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HP Elite x2 1012 G2 refresh is a powerful 2-in-1 for enterprise

HP is getting in on the action with its refreshed Elite x2 1012 G2 convertible tablet. Not to be confused with the recently announced – but similar – HP Pro x2 612, the Elite x2 is a bit more powerful with a non-fanless design.

The focus of the Elite x2 is collaboration. Skype Business calls take up a significant portion of the enterprise life for many folks, so front-facing speakers tuned for calls, an excellent 5MP video camera, and a robust chassis are all necessary.

If you take the highly-praised HP EliteBook x360 and turn it into a 2-in-1 tablet, you get the new Elite x2. That's not a precise analogy, but you get the point.

With the Elite x2 1012 G2 refresh, HP is dropping in a newer, seventh-generation "Kaby Lake" U-series Intel processor commonly found in high-end Ultrabooks. Ranging from Core i3 to Core i7, the processors deliver power, performance, and extended battery life with the 47 Whr battery.

For a display, the Elite x2 packs a 12.3-inch diagonal, WQXGA (2736 x 1824) screen with Corning Gorilla Glass 4 directly bonded. That screen size is an increase from the previous 12-inch version and is achieved by reducing the surrounding bezel width.

Other modern perks include USB Type-C with full Thunderbolt 3 support and HP Fast Charge (with reported 50 percent charge in 30 minutes).

HP Elite x2 1012 G2 tech specs

CategoryHP Elite x2 1012 G2
ProcessorIntel Core i7-7600U
Intel Core i5-7300U
Intel Core i5-7200U
Intel Core i3-7100U
Internal storageUp to 512 GB M.2 SATA
Up to 512GB M.2 PCIe NVMe
RAM16GB
LPDDR3-1866 SDRAM
Display12.3-inch diagonal WQXGA+ (2736 x 1824) direct bonded with Corning Gorilla Glass 4 ultra-slim LED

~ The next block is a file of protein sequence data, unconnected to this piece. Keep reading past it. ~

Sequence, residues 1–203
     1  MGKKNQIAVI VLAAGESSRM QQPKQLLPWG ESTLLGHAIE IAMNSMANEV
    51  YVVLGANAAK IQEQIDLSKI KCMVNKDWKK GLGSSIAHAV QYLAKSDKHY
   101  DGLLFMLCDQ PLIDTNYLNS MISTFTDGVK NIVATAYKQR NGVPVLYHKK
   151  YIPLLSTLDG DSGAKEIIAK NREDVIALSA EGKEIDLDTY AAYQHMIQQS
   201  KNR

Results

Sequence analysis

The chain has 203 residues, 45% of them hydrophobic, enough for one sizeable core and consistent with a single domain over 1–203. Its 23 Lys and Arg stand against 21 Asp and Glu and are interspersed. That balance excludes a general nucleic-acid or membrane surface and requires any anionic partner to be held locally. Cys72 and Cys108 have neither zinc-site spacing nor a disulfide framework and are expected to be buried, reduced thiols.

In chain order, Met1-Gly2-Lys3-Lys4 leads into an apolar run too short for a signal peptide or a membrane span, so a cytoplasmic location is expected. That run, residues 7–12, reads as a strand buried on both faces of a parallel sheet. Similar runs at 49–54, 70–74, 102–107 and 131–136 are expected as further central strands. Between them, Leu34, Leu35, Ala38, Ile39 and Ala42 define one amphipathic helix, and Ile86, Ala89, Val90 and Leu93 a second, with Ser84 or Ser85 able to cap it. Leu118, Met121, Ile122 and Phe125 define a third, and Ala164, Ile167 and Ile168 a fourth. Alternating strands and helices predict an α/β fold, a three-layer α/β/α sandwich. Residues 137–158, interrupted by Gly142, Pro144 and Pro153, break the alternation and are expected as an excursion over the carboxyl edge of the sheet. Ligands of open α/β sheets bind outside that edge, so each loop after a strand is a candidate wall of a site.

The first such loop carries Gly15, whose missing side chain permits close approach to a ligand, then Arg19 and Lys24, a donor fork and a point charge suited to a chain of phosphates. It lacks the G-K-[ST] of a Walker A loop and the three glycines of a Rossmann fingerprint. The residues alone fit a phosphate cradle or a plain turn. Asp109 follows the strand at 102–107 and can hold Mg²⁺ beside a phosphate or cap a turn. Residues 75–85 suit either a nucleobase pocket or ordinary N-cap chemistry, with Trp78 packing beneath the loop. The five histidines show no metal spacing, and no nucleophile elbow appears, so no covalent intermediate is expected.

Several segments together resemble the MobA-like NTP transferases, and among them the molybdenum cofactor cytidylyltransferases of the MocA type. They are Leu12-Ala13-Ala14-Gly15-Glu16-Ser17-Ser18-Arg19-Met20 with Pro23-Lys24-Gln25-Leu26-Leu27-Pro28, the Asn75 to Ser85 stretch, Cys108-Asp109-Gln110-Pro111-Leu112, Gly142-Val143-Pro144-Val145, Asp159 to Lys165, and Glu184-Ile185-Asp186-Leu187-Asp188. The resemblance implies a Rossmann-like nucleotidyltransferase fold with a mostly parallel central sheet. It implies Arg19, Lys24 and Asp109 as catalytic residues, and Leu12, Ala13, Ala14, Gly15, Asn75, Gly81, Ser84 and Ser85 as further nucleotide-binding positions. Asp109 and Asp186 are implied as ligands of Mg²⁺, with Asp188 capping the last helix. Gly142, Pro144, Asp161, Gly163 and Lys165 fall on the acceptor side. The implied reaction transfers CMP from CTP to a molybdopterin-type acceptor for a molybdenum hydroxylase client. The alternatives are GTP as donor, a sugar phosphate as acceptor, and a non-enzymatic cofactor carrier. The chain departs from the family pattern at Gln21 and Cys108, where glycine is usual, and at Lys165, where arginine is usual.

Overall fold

GraphicsIntel HD 620
Windows HelloFingerprint reader (optional) | IR facial recognition
PortsUSB 3.1 Type-C (docking, charging and data transfer)
One USB 3.0
One microSD
One SIM
One headphone and microphone combo
Input DeviceHP Collaboration Keyboard (optional);HP Advanced Keyboard with SCR (select models); Click pad with multi-touch gestures; HP Active Pen with Application Launch Button with Wacom technology
CommunicationsHP Module with NXP NFC Controller
Expansion SlotsOne microSD
One smart card reader (Supports SD, SDHC, SDXC)
WirelessIntel dual-band wireless-AC 8265 802.11 a/b/g/n/ac (2 x 2) Wi-Fi and Bluetooth 4.2 Combo (vPro and non-vPro)
HP hs3210 WW HSPA+Mobile Broadband
HP lt4132 LTE/HSPA+ 4G Mobile Broadband
HP lt4120 LTE/EV-DO/HSPA+ Gobi 4G Mobile Broadband
Camera5 MP FHD 1080p front-facing webcam with LED indicator
8 MP FHD 1080p rear-facing webcam with flash LED
SensorsAccelerometer
Magnetometer
Gyro (Combo chip) (tablet)
Proximity (SAR for WWAN) (tablet)
Ambient light sensor
Battery47 WHr
HP Fast Charge
WeightStarting at 1.77 lbs (tablet); Starting at 2.55 lbs (tablet with travel keyboard); Starting at 2.94 lbs (tablet with advanced keyboard)

Windows Hello is also supported, with a dual IR lens for facial recognition and a fingerprint reader on the back of the tablet.

Like all Surface-esque 2-in-1s, the Elite x2 has a magnetic keyboard attachment that features HP's new Collaboration function key layout. The all-metal keyboard deck is a change from the more common cloth-type we have seen.

Rounding things out are Bang & Olufsen front-facing speakers, a Wacom digitizer and pen, up to 512GB PCIe NVMe solid state drive (SSD), and 16GB of RAM. There is also a microSD card slot, LTE 4G support, and USB Type-A for legacy use scenarios.

With high-reparability and MIL-SPEC testing, the Elite x2 continues the tradition of well-designed and finely-tuned enterprise machines from HP. HP's security bundle, with HP SureStart Gen3 BIOS protection, is also included, making these ideal devices for IT management.

The HP Elite x2 will be available later in July starting at $1,099 in the US. Pricing outside of the US may vary.

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Daniel Rubino
Executive Editor

Daniel Rubino is the Executive Editor of Windows Central, head reviewer, podcast co-host, and analyst. He has been covering Microsoft here since 2007, back when this site was called WMExperts (and later Windows Phone Central). His interests include Windows, Microsoft Surface, laptops, next-gen computing, and arguing with people on the internet.